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Doping-WADA calls for tighter doping laws, information exchange
February 2, 2015 / 9:17 AM / 3 years ago

Doping-WADA calls for tighter doping laws, information exchange

BERLIN, Feb 2 (Reuters) - More governments must pass laws criminalising doping and information exchange needs to increase between the pharma industry and anti-doping bodies as drugs are no longer a problem exclusive to sport, WADA President Craig Reedie has warned.

In a statement, seen by Reuters, the World Anti-Doping Agency president said doping had spread beyond the short confines of sport.

“What has become increasingly apparent to me... is that doping is no longer an issue that just affects sport -- it is now as important an issue to society as it is to sport. Of that there is no doubt,” Reedie wrote in the statement, that will be issued later on Monday on the WADA website.

Reedie, an International Olympic Committee vice president who took over at WADA last year, said a conference in Tokyo last week involving pharmaceutical companies, UNESCO, WADA and other anti-doping bodies merely highlighted that trend.

“The very fact that this conference was even necessary demonstrates the fact that doping is no longer an issue ‘owned’ by sport,” he said.

“It has become a much wider societal issue that carries significant dangers to public health, and therefore requires a global response.”

Reedie said tighter contact with pharmaceutical companies would help WADA identify trends of substance abuse while also alert anti-doping bodies of “medicinal substances in their pipeline which might have the characteristics of a substance that could be of interest to dopers.”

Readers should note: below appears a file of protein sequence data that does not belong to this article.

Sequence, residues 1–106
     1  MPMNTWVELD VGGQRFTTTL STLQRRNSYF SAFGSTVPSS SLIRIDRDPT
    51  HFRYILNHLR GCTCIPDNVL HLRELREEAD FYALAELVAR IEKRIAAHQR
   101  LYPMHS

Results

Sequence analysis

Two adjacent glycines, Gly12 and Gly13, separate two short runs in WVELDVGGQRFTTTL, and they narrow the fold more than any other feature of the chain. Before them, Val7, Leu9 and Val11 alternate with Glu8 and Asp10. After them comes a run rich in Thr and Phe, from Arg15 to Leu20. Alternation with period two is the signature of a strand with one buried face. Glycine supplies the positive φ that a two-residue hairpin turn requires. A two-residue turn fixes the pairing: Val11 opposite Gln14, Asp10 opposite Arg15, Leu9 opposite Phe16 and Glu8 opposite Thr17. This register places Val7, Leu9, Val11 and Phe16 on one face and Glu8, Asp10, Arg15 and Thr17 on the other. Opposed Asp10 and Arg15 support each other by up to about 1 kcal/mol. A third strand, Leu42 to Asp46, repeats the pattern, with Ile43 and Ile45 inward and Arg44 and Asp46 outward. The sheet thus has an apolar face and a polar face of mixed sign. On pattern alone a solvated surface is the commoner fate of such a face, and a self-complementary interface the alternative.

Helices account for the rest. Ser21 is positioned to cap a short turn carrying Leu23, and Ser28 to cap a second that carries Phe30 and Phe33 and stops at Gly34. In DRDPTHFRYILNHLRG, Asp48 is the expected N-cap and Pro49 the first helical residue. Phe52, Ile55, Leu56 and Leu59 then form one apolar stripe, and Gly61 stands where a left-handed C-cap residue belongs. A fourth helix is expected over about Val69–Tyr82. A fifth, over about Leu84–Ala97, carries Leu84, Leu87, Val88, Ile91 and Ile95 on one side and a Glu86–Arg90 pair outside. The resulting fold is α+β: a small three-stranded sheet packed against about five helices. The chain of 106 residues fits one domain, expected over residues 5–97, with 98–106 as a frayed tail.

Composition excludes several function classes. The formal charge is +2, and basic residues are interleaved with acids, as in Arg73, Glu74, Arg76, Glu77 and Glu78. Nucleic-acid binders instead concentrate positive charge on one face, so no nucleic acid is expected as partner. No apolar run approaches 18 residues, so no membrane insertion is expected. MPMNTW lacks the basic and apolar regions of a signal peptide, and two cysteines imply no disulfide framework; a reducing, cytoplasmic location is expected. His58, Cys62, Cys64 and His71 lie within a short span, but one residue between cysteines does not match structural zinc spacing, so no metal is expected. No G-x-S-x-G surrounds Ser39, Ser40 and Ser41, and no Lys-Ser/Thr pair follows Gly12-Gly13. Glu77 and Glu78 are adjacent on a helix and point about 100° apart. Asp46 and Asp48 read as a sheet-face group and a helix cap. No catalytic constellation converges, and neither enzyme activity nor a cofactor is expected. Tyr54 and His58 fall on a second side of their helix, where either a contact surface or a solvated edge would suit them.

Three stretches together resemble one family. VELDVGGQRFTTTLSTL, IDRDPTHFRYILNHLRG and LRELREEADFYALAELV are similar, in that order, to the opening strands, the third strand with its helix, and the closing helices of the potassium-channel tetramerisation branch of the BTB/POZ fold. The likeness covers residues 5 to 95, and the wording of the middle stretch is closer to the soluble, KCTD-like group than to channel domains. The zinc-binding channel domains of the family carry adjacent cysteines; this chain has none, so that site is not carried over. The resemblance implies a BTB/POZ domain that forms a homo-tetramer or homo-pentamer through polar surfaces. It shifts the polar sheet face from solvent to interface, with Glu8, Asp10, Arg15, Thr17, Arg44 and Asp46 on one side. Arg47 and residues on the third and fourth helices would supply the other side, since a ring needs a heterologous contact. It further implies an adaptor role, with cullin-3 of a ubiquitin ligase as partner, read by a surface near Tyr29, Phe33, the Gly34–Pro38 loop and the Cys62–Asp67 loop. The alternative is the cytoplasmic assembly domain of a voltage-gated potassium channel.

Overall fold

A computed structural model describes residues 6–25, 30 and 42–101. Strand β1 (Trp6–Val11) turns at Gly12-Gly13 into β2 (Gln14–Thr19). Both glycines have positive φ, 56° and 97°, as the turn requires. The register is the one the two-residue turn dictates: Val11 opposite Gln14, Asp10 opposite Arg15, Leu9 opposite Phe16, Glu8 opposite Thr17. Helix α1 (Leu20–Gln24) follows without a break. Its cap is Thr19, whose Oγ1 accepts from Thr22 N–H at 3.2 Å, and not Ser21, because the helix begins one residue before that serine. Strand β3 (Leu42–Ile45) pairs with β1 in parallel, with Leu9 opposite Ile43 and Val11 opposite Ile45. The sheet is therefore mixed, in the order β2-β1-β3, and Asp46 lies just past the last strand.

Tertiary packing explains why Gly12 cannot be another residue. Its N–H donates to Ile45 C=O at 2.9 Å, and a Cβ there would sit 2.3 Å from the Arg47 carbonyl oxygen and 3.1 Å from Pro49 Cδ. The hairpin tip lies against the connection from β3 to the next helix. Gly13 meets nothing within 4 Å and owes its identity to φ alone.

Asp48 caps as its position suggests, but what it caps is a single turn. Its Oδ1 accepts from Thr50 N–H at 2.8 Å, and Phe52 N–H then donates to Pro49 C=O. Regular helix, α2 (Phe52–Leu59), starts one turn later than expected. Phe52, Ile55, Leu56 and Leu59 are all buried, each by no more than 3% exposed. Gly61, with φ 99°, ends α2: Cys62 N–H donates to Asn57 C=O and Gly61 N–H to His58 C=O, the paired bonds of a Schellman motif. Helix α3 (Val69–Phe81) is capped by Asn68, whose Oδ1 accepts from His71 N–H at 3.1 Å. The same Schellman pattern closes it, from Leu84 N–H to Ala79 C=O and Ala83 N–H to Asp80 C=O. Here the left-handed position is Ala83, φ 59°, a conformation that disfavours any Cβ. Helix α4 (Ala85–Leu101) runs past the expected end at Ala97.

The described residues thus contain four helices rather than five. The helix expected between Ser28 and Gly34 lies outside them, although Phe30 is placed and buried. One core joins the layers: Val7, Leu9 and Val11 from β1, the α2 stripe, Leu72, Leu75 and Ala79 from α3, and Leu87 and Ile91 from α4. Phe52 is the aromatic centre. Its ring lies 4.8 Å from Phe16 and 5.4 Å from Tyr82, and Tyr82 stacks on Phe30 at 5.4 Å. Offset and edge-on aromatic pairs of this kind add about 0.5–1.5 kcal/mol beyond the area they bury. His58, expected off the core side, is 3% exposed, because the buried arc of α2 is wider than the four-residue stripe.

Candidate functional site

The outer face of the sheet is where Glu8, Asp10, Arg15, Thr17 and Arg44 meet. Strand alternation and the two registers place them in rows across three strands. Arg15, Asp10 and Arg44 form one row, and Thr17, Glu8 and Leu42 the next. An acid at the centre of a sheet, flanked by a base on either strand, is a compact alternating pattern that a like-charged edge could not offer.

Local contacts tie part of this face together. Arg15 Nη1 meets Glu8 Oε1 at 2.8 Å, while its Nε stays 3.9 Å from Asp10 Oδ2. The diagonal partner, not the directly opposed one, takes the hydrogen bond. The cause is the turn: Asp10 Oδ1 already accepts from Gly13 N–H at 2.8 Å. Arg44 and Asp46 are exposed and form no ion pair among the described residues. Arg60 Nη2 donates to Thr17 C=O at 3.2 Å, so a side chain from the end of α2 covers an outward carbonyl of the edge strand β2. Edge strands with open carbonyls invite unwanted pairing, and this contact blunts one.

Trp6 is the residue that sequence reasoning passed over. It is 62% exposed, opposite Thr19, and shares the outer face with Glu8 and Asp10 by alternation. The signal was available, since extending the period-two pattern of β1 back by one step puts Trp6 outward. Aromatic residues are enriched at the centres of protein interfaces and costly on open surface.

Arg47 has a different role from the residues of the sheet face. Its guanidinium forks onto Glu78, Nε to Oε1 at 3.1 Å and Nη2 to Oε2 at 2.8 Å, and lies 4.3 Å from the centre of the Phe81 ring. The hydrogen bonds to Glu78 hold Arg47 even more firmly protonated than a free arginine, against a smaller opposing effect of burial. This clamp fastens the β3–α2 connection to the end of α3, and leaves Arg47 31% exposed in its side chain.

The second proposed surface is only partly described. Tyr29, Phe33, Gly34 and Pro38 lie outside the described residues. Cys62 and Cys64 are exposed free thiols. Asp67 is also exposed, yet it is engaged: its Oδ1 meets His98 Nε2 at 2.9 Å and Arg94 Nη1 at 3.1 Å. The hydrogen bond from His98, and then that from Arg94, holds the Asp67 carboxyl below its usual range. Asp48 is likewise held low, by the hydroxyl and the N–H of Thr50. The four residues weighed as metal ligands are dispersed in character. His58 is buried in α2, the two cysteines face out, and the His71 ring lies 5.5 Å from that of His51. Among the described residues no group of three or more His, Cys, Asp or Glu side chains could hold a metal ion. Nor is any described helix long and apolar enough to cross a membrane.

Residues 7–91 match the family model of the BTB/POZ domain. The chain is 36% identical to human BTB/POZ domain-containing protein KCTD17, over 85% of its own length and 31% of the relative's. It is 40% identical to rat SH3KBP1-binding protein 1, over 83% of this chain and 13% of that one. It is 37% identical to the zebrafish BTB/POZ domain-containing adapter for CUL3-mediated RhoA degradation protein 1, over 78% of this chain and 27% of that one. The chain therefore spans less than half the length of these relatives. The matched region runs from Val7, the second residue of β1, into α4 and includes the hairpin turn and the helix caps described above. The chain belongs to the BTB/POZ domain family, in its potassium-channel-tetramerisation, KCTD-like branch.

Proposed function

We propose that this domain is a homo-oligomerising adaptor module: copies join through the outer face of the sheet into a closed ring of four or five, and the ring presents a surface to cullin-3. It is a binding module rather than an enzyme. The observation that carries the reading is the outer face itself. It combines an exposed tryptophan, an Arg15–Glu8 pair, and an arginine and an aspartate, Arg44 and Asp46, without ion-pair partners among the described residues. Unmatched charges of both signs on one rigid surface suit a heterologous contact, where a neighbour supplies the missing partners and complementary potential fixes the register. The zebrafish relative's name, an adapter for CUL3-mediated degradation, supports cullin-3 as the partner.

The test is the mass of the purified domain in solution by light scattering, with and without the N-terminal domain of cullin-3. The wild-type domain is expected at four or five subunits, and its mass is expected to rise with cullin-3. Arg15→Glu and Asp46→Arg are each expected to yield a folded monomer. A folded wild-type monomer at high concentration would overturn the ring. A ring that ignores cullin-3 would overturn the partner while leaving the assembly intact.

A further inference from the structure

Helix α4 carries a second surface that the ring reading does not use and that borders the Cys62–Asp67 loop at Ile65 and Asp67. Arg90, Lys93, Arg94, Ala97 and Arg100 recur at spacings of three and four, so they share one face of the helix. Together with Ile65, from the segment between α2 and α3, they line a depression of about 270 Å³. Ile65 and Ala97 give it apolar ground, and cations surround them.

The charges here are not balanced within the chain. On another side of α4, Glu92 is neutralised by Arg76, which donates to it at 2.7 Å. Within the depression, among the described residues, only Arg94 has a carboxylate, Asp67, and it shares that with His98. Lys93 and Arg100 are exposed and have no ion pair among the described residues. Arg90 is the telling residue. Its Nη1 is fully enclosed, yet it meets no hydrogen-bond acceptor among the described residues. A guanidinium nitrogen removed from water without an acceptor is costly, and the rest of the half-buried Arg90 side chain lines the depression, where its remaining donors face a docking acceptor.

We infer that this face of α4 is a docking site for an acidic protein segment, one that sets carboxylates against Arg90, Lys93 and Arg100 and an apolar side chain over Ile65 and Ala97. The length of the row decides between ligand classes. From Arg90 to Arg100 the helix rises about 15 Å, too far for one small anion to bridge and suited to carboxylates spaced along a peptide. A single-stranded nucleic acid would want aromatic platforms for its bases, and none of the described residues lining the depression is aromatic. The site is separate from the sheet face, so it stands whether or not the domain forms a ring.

A string of positive doping tests and sanctions in recent months involving top athletes, many of them from Russia, has again raised alarm bells among sports administrators, desperate to rid world sport of illegal drugs.

“Sport is now a hugely lucrative industry, and there is a real area of concern with drugs being counterfeited, illegally produced, trafficked and distributed -- and ultimately these drugs get in the hands of elite athletes and, increasingly, members of the public,” he said.

“If governments can introduce relevant laws, and applicable penalties to combat this abuse of substances, then police will act and the scourge of doping can be prevented,” he said.

Several countries, like Italy, Spain and France, have already made doping a criminal offence, with potential offenders facing the prospect of a jail term and stiff fines. (Reporting by Tokyo bureau, Writing by Karolos Grohmann; editing by Sudipto Ganguly)

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